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Hawthorn Hill

March 20, 2014

Birder admits he confuses non-birding world

(Continued)

I have a genuine respect for science, although there are times when it ignores what I consider to be necessary moral boundaries. When should scientific curiosity decide not to cross a particular boundary? I suspect that we will always be debating this issue given the natural inclinations of the scientific enterprise. Science has produced so much good that checking its momentum will always be problematic. Despite the enormous contributions of ornithologists to our understanding of birds, they remain elusive in so many ways. And that accounts for much of their appeal. For instance, it is enough for me to know that birds migrate and that about the same time every spring tree swallows and blue birds appear up here on the hill to hang out for a while and start some new families.

On the heels of having coffee with a friend this morning, these thoughts kind of took over my mind. Since it is now late afternoon it is obvious that they have carried some weight. It started with my sharing my excitement about having a flock of Purple Finches at our feeders the last several days. Who knows what internal mechanism triggers such feelings of awe and appreciation. Over the years we have had a finch or two visit the feeders, but never a mini-flock. One of the joys of keeping tabs on these things is the sheer mystery of it all. Another of our annoying quirks is this constant attempt to unravel mysteries. I like living in a world where not everything is researched, studied and explained.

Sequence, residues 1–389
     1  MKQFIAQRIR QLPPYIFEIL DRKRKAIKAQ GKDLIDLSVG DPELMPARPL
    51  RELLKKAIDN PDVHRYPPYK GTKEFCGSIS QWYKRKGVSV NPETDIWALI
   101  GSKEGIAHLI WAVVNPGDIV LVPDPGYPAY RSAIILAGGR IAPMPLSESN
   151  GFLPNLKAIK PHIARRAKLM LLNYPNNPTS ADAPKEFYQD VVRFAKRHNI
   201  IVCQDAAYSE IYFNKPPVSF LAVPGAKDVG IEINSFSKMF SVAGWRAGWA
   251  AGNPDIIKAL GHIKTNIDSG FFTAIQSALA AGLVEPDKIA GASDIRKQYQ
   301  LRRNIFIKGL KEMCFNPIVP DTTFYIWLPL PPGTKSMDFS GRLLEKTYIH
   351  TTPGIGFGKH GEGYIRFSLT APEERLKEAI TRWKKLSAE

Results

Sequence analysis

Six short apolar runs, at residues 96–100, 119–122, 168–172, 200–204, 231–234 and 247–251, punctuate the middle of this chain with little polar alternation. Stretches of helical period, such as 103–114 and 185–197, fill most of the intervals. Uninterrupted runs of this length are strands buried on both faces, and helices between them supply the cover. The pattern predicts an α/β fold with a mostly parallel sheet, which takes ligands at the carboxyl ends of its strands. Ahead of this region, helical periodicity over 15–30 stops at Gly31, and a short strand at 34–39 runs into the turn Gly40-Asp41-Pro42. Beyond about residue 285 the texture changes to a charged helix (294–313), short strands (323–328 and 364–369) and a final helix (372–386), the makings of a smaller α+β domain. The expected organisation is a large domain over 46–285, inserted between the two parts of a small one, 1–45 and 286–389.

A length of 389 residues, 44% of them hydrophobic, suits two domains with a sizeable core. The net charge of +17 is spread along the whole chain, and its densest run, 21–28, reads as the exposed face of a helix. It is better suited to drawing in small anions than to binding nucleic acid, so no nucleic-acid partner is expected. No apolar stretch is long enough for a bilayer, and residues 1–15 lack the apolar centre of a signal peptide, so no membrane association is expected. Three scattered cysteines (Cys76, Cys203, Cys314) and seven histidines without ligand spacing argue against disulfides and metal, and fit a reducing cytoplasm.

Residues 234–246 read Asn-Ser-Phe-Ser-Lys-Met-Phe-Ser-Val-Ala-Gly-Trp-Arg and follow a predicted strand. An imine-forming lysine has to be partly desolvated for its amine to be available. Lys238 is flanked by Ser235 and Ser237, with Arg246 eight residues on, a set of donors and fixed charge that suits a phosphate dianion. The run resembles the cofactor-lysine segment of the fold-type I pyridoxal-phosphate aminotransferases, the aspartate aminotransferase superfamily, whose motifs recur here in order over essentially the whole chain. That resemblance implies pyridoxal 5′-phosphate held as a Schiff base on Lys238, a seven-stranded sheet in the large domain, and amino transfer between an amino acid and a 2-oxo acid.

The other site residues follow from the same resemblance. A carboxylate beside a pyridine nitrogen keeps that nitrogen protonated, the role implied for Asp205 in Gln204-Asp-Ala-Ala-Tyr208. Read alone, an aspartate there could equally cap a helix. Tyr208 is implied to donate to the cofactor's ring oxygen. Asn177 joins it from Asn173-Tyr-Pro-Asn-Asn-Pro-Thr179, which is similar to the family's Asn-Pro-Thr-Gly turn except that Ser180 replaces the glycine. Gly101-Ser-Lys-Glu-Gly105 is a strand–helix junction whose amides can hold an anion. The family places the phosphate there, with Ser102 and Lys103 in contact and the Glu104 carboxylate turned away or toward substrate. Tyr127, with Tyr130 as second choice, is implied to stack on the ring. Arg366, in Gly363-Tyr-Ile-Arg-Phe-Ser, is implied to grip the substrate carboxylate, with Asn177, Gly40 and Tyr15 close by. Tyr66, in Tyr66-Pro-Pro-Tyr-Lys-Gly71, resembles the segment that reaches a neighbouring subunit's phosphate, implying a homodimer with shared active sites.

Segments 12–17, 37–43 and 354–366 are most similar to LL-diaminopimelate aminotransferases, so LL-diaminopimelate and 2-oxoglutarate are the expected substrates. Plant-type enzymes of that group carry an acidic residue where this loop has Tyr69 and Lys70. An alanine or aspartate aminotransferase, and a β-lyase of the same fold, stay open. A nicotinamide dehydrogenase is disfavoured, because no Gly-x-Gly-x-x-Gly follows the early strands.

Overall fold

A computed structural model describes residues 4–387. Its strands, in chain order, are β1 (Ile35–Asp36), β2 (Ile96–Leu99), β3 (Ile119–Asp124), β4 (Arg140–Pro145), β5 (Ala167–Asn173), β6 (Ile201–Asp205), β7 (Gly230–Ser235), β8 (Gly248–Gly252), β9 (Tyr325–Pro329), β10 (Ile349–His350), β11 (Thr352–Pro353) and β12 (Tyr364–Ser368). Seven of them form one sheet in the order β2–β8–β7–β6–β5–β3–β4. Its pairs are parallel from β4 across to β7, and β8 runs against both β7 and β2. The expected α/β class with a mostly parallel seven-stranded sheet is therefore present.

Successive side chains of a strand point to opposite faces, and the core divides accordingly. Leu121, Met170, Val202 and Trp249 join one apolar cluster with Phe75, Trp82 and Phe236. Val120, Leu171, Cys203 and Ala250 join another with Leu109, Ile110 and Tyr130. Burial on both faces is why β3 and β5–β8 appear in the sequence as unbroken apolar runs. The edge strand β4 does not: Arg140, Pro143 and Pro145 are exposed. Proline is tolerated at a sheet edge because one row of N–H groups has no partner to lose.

Why this year? Perhaps because it has been abnormally cold. I know that this long cold winter has added some unwelcome garnish to my characteristically curmudgeonly demeanor. As this friend so aptly couched it this morning, I can be a bit “prickly.” I will never have a conversation with a finch, so that is one mystery that will remain unsolved. I am just happy to have them winter a bit with us up here on the hill. Unlike kids who are never happy with adult answers to their why question, we, fiches and I, get along just fine without falling into that trap.

I pay a lot of attention to birds because it arouses something within me impossible to describe. It is akin to the pleasure one derives when looking at a work of art or listening to a penetratingly beautiful piece of music. One writer wrote long ago of being “surprised by joy.” That just about says it all.

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Hawthorn Hill
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